Ranipet tanneries tragedy: lack of pollution control in Tamil Nadu

Updated - September 23, 2017 12:50 pm IST

Published - February 02, 2015 04:23 pm IST

Questions have been raised about the Tamil Nadu Pollution Control Board’s virtual clean chit to the tanneries in a report last year after 10 workers died on Friday at a tannery in Ranipet in Vellore district; documents indicate that the Board was giving a long rope to the tanneries and the common effluent treatment plants set up by them.

Shweta Narayan is an environmental activist who has been working in a wide range of subjects involving industrial pollution . She has joined us in a discussion on the recent tragedy at a Common Effluent Treatment Plant in Vellore in which 10 workers lost their lives

Shweta Narayan: There are two aspects of this incident. 1. the very TNPCB that ought to be protecting the environment is only protecting the industries. There is absolutely no regulation in place to check violations whatsoever. 2. TNPCB does not have the political will or scientific know how to deal with pollution related issues. We have documented cases from Cuddalore where TNPCB's data shows that the gorundwater is severely polluted with carcinogens and yet the TNPCB has not issued single advisory to alert public and tell them not use the water

Guest: Hi. Is TNPCB coming under Environment ministry or any other state department? I am from Perundurai in Tamilnadu, home to TN 'environment minister' Thoppu.N.T.Venkatachalam, and the place (Perundurai SIPCOT) where a new coke bottling plant is proposed against people's will. It is mainly opposed because of there is no waste water treatment plan.

K Venkataramanan: The TNPCB is a statutory body which enforces the various pollution related laws. It is administratively under the State environment ministry.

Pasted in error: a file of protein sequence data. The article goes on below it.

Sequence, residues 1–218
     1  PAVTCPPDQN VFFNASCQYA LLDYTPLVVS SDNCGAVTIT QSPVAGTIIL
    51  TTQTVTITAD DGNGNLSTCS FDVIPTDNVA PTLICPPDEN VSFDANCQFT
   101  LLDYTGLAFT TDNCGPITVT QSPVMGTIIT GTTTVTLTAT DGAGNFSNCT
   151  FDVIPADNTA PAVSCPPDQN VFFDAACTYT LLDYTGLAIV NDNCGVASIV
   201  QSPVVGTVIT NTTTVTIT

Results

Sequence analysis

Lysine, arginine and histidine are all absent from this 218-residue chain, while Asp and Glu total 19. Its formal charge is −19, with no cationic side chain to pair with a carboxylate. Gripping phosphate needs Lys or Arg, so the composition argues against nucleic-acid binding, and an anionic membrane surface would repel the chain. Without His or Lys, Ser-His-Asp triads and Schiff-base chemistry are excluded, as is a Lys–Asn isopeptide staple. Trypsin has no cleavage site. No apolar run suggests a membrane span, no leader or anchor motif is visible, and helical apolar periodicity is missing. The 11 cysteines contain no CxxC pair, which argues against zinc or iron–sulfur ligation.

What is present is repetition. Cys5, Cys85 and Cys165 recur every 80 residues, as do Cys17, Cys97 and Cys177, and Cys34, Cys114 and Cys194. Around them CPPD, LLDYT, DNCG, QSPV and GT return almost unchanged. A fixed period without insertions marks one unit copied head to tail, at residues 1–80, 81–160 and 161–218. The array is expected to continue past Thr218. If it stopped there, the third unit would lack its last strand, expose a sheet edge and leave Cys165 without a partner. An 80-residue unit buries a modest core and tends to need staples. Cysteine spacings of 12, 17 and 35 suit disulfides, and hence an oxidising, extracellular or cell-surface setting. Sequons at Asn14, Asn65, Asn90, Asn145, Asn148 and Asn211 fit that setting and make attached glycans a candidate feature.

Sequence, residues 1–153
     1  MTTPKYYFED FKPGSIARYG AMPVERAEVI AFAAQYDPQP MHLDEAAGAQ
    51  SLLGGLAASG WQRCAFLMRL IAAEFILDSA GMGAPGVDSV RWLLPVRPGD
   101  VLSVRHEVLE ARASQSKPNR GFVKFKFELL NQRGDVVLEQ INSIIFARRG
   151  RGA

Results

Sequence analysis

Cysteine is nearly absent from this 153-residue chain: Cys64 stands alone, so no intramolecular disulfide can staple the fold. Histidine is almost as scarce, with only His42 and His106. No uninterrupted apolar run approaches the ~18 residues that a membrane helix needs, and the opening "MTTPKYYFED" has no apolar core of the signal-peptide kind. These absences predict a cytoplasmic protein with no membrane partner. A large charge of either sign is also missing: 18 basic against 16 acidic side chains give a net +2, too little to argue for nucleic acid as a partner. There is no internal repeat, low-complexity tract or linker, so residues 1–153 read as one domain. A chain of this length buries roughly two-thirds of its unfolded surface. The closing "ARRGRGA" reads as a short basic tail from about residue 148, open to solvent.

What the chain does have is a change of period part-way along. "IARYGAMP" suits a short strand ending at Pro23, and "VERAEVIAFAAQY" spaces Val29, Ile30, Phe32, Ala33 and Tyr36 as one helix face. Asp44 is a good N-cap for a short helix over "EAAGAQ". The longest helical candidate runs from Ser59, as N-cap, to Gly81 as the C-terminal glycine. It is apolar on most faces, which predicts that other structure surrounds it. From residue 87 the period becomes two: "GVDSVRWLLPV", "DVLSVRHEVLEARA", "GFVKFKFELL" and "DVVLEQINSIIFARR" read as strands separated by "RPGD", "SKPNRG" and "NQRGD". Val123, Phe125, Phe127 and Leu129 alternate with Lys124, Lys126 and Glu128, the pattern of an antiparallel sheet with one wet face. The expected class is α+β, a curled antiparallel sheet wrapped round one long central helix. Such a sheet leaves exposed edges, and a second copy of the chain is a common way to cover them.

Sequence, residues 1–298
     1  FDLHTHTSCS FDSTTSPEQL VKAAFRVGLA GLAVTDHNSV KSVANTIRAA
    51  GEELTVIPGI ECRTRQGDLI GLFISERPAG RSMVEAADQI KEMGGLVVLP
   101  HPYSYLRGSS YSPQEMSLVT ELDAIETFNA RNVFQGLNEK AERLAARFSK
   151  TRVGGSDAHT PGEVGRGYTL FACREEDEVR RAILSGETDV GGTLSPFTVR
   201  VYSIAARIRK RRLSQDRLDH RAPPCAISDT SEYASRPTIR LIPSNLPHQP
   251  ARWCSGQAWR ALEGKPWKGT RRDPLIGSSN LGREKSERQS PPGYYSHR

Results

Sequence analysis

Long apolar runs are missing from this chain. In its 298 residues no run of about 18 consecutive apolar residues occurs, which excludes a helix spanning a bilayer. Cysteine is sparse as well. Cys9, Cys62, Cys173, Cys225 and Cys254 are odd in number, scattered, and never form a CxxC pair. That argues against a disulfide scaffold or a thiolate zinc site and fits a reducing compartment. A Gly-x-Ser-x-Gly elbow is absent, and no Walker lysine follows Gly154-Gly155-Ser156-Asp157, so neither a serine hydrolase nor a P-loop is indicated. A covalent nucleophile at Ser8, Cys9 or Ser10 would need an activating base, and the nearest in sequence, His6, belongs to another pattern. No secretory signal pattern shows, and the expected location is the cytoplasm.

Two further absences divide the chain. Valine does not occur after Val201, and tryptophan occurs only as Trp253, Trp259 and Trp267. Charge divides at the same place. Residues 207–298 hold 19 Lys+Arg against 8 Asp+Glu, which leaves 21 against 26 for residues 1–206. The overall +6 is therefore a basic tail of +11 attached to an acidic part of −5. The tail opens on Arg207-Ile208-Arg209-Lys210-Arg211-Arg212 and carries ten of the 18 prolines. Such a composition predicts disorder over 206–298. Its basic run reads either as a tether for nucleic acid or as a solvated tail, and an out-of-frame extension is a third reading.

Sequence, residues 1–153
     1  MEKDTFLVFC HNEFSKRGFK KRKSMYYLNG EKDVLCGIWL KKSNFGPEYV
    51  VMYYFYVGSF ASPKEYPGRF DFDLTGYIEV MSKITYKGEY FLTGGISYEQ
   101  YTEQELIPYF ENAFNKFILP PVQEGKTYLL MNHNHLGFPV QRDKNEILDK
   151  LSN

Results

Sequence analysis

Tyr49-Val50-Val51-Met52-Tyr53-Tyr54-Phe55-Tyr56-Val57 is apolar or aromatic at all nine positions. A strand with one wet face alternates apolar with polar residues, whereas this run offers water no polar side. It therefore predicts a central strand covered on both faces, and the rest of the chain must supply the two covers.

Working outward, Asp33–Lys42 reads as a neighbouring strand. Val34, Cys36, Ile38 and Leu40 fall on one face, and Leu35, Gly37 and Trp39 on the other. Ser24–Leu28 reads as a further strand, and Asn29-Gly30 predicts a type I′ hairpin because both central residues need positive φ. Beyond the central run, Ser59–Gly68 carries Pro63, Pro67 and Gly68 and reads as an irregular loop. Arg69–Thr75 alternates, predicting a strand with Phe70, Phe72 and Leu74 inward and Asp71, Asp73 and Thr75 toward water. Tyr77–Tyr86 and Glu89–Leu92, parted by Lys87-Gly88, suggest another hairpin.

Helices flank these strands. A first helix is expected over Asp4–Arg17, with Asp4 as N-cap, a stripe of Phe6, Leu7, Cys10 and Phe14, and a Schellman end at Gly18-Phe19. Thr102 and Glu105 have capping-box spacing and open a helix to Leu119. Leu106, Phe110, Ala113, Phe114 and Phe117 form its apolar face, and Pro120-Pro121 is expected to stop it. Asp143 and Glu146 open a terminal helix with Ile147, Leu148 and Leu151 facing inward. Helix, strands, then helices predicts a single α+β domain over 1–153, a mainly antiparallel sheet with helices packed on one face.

Comment From Parithi are the responsible plants still functioning ?

K Venkataramanan: No, all the 80-odd tanneries linked to the Common Effluent Treatment Plant in which the accident occurred have been shut down

Comment From Ram Rajan

I agree with Sruthi that its not about the regulation itself, but if its only on paper and most regulation clearances are ticked off on cash how do you go about stopping that? Can digitizing the system help? how?

Sruthisagar: Actually, the TNPCB has gone online in collecting pollution levels from industries. But again, the efficacy of the system is under a cloud since those enforcing the regulations seem to show too much leniency.

Shweta Narayan: accidents like this are routine. and does not come as a surprise. We are sitting on a ticking time-bomb. For one industry that the PCB stops on the ground of pollution there are at least 3 it clears to show that the state is "industry-friendly". Political interference hinders the department to do its job properly.

Shweta Narayan: Unfortunately the courts in our country too care more about the development than environment. the CUSECS consent got regularised after a court case and no action was taken for the violations of operating and polluting for 10 years!

Comment From Sivasankar.N : There should have been a bund wall to hold the effluent in case there was a tank failure. Why was this not in place?